I-Team: Undocumented Immigrant Explains How to Pay for a Green Card

A young man from Punjab, India has come forward to tell the I-Team about his plan to pay for a shortcut to citizenship reserved for abused children.

The young man’s story appears to confirm the allegations of some Queens Family Court insiders who say that certain immigrants might have figured out how to game the Family Court, telling what critics believe are contrived stories of abuse to qualify for asylum.

After the I-Team reported on those concerns in March 2015, The U.S. Department of Homeland Security launched an investigation, which is ongoing.

The undocumented 21-year-old asked the I-Team not to identify him, so we’re calling him “John.” John says he came to the U.S. with a plan to get a green card.

“It’s for good life, good future. That’s why I’m coming,” he told the I-Team during an interview in Richmond Hill late last year.

But that plan would cost John, his sisters, and his sisters-in-law tens of thousands of dollars.

John says first, his relatives paid $40,000 to agents who helped smuggle him, illegally, across the Mexican border.

“I pay money and bring other side,” John said. “My future, no have in India. No have work. No good money.”

John’s pathway to a better life continued north, to the Sikh community in Richmond Hill, not far from a most important stop along the route: The Queens Family Court.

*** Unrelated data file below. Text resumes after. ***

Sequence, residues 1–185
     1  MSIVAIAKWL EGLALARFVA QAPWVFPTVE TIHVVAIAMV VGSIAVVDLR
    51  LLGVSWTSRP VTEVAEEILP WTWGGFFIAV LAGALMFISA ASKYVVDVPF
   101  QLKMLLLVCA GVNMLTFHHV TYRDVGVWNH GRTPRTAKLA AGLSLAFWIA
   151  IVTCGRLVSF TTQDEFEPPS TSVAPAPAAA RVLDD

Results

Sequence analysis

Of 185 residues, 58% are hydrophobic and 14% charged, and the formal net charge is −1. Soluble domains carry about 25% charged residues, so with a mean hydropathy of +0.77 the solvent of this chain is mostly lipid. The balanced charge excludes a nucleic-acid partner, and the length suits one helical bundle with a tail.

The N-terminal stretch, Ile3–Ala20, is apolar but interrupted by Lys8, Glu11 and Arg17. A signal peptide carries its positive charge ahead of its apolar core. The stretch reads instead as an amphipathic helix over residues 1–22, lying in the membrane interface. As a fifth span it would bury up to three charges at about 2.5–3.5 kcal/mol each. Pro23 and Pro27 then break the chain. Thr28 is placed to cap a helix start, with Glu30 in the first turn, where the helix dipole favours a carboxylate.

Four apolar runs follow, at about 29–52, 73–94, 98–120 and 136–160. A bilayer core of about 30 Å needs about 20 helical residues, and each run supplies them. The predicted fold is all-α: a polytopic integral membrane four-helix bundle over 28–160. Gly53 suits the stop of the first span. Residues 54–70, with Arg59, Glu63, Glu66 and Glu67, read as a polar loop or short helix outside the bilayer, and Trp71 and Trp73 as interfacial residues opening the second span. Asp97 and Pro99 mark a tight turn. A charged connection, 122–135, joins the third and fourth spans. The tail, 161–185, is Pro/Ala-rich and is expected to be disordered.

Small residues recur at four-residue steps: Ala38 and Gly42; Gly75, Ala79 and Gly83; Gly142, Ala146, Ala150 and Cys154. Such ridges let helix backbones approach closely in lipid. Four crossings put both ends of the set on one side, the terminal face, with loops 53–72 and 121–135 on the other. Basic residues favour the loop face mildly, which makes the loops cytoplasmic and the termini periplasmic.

He is heading to Family Court because under federal law, the court can grant special papers which all but guarantee a shortcut to citizenship for an undocumented person under the age of 21 who claims to have been abused or abandoned.

The shortcut, authorized by federal law for victims, is called "special immigrant juvenile status."

But there’s a catch: in order to ask the family court for those papers, a young person must already be under the care of the family court for some other reason.

And at ages 18,19 or 20, there’s only one way to get before a family court judge: a guardianship proceeding, experts say.

John would need an older person to come to court asking to feed him, house him, and become his legal guardian. John says when he arrived in Queens, he met the man who would become his guardian, for a price.

John says his guardian asked him for $33,000, telling him: "I need money, you need papers.”

“That is not supposed to happen,” said Ronald Richter, a former family court judge and former NYC Children’s Services Commissioner, who is currently CEO of the children’s organization, the JCCA.